Wednesday, April 23, 2008

More on Anonymity--veinglory

Who are you online? Who are you as an author? Is that identity the real you? Is that identity a real identity?

In an entirely different context science blogger PZ Myer's says: "I consider a consistent pseudonym to be a name. I've gotten to know lots of people on the web via their chosen pseudonym, and that pseudonym acquires its own authority on the merits of the writing behind it. You don't need to reveal your full, legal name to be known on the web — it's good enough to have a handle so we can recognize you." And I think he is entirely correct.

Bloggers are essentially like authors. They can be known by a 'pen name'. Under an assumed name, used consistently a person can be known and even accountable. The person you know from a book or a blog is not exactly the same person known by family or colleagues. But it is still the same person and in some way perhaps more honestly so than in complex offline social situations. The pseudonymous self is known by their content, by their style, by what they know and what they say devoid of the clutter of place, race and face.

Pseudonymity is not anonimity because it is consistent over time and so what they pseudinbymous person does carried weight and has consequences. You invest time, money and emotion in that part of your life and a person, by any name, who is accountable is a person. And at this point, was PODdy Mouth a person, or a sock puppet? It all depends on how strong you feel the pressure was that caused that personna to vanished from the internet.


Jim Murdoch said...

I have no problems with pseudonyms – they have a long and illustrious history – but I do wish some people would choose less awkward pseudonyms. I had a comment recently from 'The Insane Writer'. I mean, I like to use people's names when I respond but, "Thanks, 'Insane Writer'", just doesn't sit well with me. Sure, publish your blog under 'The Insane Writer' but call yourself 'Bob' or 'Sue' or something like that. I'd at least like to know the gender of who I'm talking to. I know it shouldn't matter but it would make me feel a bit better. Age, I'm less fussed about.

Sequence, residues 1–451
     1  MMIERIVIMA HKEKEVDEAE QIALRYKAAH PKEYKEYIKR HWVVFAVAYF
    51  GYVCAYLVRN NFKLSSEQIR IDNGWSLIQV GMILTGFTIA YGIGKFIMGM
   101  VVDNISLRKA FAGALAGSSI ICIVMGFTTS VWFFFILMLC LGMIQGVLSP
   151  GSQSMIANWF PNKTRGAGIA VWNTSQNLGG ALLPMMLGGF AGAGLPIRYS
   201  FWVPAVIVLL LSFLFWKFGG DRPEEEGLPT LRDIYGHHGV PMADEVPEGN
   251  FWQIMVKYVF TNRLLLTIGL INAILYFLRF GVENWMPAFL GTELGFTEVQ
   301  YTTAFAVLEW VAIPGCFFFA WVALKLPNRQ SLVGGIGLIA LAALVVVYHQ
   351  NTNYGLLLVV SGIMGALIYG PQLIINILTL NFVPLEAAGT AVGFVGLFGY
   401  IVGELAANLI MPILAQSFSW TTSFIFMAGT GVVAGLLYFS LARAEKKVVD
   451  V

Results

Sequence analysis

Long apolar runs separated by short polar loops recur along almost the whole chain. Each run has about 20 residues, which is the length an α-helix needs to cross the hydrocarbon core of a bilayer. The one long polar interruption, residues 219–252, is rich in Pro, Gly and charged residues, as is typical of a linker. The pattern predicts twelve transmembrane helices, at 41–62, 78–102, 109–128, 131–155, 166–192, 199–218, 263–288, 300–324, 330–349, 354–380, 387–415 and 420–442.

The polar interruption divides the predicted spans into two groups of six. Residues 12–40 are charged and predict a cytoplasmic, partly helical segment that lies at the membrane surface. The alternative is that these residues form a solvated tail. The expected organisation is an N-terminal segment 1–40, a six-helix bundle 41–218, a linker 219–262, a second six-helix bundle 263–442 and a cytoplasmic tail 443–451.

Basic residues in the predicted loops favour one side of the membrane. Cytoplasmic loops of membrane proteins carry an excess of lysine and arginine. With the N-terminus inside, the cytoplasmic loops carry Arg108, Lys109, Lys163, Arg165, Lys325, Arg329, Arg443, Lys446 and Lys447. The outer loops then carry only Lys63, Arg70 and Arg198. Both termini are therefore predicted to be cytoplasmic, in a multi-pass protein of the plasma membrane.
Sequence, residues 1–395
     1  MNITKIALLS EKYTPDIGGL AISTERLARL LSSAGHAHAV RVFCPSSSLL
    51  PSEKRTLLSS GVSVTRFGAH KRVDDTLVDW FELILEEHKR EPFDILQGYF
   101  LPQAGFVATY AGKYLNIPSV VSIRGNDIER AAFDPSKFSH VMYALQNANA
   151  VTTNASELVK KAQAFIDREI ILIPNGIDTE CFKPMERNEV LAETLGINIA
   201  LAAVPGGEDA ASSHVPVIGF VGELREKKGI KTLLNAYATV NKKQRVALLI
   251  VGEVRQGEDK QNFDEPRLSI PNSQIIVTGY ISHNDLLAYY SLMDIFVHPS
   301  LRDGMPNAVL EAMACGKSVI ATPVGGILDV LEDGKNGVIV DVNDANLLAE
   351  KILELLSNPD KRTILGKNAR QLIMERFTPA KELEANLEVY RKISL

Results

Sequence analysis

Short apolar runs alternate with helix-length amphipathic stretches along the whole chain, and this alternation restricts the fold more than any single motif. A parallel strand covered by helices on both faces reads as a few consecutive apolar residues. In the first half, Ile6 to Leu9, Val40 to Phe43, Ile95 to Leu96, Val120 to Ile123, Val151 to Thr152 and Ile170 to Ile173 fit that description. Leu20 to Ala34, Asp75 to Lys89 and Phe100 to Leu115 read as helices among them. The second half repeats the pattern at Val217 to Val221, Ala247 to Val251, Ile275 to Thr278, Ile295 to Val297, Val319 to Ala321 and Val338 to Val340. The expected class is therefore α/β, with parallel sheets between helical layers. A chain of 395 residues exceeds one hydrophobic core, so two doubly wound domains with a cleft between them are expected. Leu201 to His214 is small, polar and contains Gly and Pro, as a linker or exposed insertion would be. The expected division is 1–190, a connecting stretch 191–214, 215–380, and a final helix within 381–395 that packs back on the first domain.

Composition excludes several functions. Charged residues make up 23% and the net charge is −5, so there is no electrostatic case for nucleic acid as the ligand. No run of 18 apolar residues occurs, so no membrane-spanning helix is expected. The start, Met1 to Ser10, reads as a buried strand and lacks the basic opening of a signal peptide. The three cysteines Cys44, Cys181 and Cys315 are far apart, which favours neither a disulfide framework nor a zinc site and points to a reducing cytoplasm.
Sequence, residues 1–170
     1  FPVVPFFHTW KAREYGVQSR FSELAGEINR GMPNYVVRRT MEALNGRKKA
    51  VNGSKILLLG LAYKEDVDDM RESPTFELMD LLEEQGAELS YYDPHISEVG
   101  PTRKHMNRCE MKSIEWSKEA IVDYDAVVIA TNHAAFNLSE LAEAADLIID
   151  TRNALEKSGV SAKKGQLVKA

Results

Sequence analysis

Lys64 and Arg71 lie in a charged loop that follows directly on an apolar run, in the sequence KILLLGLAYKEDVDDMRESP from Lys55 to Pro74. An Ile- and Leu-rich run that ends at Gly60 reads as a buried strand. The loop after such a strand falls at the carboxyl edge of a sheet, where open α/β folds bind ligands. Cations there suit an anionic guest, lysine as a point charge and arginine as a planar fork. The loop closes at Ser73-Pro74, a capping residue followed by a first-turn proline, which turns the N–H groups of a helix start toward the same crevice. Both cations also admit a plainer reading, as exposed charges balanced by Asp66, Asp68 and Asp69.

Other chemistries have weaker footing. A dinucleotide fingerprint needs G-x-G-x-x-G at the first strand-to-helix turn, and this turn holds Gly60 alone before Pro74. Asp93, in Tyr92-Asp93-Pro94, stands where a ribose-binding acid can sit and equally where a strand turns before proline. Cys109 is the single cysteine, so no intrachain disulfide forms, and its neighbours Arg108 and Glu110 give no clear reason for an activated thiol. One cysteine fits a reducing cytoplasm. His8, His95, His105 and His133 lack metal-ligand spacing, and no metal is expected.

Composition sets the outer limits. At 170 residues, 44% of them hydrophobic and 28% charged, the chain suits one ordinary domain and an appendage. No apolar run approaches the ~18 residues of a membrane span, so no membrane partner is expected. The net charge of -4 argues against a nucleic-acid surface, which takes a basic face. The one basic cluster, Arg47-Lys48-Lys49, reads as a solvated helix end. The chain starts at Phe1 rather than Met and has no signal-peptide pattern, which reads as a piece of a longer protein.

Anonymous said...

I've always used my real name...Shannon L. Yarbrough. Probably shouldn't have for some erotica pieces I've done for different anthologies, but I could never come up with a good pseudonym. It's like coming up with a good screen name. Back in the day when I first got online I was TruCap...short for Truman Capote because I was obsessed with reading him at the time, but everyone thought it meant True Capricorn. Then I stole Reckless Eyes from a 10,000 Maniacs song, but have since turned it into the name for a blog serial novel I'm writing.

Even now while typing this, I can't think of a good name. I keep recalling strange drag names I used to help a friend out with...Candy Cane, Patty O'Furniture, Allison Wonderland...LOL...yeah, yeah, not very original.

I was shocked to see the PODdy Mouth site come to an end so quickly after the actions of Angela Hoy. I was looking forward to the cat fights that would ensue, but the dry wit and attitude of PODdy rang in my head and she (or he) probably just said "Oh f*** it!" Although it looked like Angela ran them off.

Yours Truly,
Amanda Hugnkiss

Anonymous said...

Oh, there's certainly a difference between pseudonymous and anonymous, and you're certainly right that POD-dy mouth was probably more a sock puppet than a blogger--anonymous sock puppets are all over the place (remember the ones who attacked me, way back in the day, over at the PODler? I think that was my first-ever encounter with you, Emily, and while I knew you were going by a nom-de-blog, I also immediately placed you to be one classy lady).

I think that's the difference; it's what you say pseudonymously. Too often, anonymous/pseudonymous comments state things their authors don't want their names, real or otherwise, associated with. Too often people state anonymously what they don't have the cojones (or ovaries) to stand behind.

Not always, though.

I know lots of cool people solely by their handles. Indeed, I've been to social functions where people knew each other solely by their handles. And everyone had a blast.

It's not the handle, pseudonymous or otherwise--it's whether the person on the other end of it is being a douchebag or not.